IO Files: US/A/2333, US/1248
Memorandum of Conversation, by the Deputy United States Representative on the Security Council (Ross)
|Participants:||Sir Alexander Cadogan—United Kingdom Delegation|
|Sir Terence Shone—United Kingdom Delegation|
|Mr. D. S. Laskey—United Kingdom Delegation|
|Ambassador Ernest A. Gross—USUN|
|Mr. John C. Ross—USUN|
We called on Sir Alexander1 by appointment pursuant to Department’s telegram No. 287 of June 1. Ambassador Gross outlined the Department’s views on the question of selection of a Secretary-General this Fall along the lines set forth in the Foreign Ministers’ Paper (FM D F–5 of April 19) on this subject.
Sir Alexander said that he had had no instruction on the subject except a rather vague one of a fortnight ago suggesting that in due course the matter be discussed with his American and French colleagues [Page 102] along the following lines: (a) whether anyone other than Lie would be available, (b) whether Lie would have to be kept on, and (c) in this event whether some arrangement should be made to continue him for a year or two.
The British apparently did not have at this time anyone other than Lie in mind although Cadogan speculated about Pearson of Canada2 who was, Cadogan recalled, our first candidate in 1946.
. . . . . . . . . . . . . .
Cadogan said that he would ask immediately for instructions. He said also that he would probably be seeing Jebb in London and that Jebb may have some ideas when he arrives in New York. Cadogan seemed to feel that there was no hurry about the matter which possibly might not be taken up until rather late in the Assembly session in view of the fact, he said, that in any event Lie’s term runs on until February. Cadogan understood very clearly the difficulties that might arise because of the Chinese and Russian situations in the Security Council and he did not seem averse to a procedure whereby the Assembly might have to act although we did not discuss these procedural points in detail.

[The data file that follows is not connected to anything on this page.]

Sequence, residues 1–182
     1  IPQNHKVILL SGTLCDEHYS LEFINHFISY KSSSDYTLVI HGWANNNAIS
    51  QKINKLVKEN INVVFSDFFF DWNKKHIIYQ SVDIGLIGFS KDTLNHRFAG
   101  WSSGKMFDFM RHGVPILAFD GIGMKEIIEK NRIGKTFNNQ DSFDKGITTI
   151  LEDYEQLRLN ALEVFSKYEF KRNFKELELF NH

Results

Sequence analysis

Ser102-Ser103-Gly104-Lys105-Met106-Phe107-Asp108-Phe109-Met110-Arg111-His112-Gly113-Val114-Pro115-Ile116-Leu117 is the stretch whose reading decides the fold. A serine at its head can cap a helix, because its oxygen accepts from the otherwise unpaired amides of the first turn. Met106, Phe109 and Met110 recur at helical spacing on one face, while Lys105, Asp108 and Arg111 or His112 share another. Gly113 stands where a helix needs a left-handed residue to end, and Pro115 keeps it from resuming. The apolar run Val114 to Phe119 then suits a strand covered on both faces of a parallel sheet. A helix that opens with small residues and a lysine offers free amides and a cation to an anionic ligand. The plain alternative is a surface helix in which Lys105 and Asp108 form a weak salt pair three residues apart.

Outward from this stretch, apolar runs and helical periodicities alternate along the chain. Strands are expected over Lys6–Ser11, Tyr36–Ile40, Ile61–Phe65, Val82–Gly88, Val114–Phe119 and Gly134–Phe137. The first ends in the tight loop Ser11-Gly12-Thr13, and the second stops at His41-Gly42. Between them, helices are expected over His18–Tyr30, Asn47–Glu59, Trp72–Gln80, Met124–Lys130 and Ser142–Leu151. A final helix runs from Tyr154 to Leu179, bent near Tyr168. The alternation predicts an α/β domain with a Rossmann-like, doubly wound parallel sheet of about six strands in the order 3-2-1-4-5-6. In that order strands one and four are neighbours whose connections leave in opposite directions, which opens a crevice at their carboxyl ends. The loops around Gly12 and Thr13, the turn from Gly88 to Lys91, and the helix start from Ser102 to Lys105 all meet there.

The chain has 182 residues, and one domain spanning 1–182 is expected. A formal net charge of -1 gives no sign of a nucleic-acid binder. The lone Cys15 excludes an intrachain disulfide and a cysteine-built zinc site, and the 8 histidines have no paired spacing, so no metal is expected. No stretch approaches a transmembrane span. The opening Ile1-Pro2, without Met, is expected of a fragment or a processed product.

Before we left Cadogan’s office he raised with us the question of the Security Council Presidency in August. He said that in the event the Russians have not returned to the Security Council by the month of August, which was their month for the Presidency, he assumed that if there should be any occasion for a meeting of the Council there would be no objection to the United Kingdom Representative (the United Kingdom being next in alphabetical order) taking the chair of the Council without in any way impairing the right of the United Kingdom to occupy the chair during its regular month, namely, September. Cadogan thought that perhaps all that would be necessary would be an informal understanding with other members of the Council that in the event of Russian failure to occupy the chair in August, the United Kingdom Representative would take the chair and that this would not impair their situation in September.
We indicated that we thought there should be no difficulty in this regard, that in effect the United Kingdom would not be in the Presidency for the month of August but merely serving in this capacity at any meeting or meetings as occasion might require. We said that we would, however, consider this question a little more carefully and let the British know our view.3